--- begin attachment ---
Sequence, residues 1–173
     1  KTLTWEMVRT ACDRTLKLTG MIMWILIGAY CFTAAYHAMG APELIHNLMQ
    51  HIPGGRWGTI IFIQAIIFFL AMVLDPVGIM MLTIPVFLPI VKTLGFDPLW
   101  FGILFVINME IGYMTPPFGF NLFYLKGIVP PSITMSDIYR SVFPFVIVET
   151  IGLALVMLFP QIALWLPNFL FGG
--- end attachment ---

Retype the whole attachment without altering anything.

Sequence, residues 1–173
     1  KTLTWEMVRT ACDRTLKLTG MIMWILIGAY CFTAAYHAMG APELIHNLMQ
    51  HIPGGRWGTI IFIQAIIFFL AMVLDPVGIM MLTIPVFLPI VKTLGFDPLW
   101  FGILFVINME IGYMTPPFGF NLFYLKGIVP PSITMSDIYR SVFPFVIVET
   151  IGLALVMLFP QIALWLPNFL FGG